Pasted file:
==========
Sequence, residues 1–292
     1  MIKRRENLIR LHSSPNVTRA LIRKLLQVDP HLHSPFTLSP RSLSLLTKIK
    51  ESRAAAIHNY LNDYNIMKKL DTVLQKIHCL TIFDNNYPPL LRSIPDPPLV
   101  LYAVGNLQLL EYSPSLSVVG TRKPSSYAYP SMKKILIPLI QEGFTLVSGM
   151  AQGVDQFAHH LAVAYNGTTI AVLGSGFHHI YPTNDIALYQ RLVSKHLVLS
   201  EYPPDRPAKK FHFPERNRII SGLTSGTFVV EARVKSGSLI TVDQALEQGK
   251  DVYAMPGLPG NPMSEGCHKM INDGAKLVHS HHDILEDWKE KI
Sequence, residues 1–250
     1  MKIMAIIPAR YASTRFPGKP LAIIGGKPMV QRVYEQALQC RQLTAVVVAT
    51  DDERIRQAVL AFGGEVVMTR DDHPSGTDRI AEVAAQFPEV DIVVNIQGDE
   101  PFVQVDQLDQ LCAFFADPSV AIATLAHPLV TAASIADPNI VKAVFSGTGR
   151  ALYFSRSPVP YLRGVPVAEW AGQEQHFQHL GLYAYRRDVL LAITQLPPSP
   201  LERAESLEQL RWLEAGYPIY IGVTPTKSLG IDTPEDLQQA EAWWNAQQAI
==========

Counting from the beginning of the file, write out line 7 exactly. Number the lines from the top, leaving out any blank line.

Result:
   251  DVYAMPGLPG NPMSEGCHKM INDGAKLVHS HHDILEDWKE KI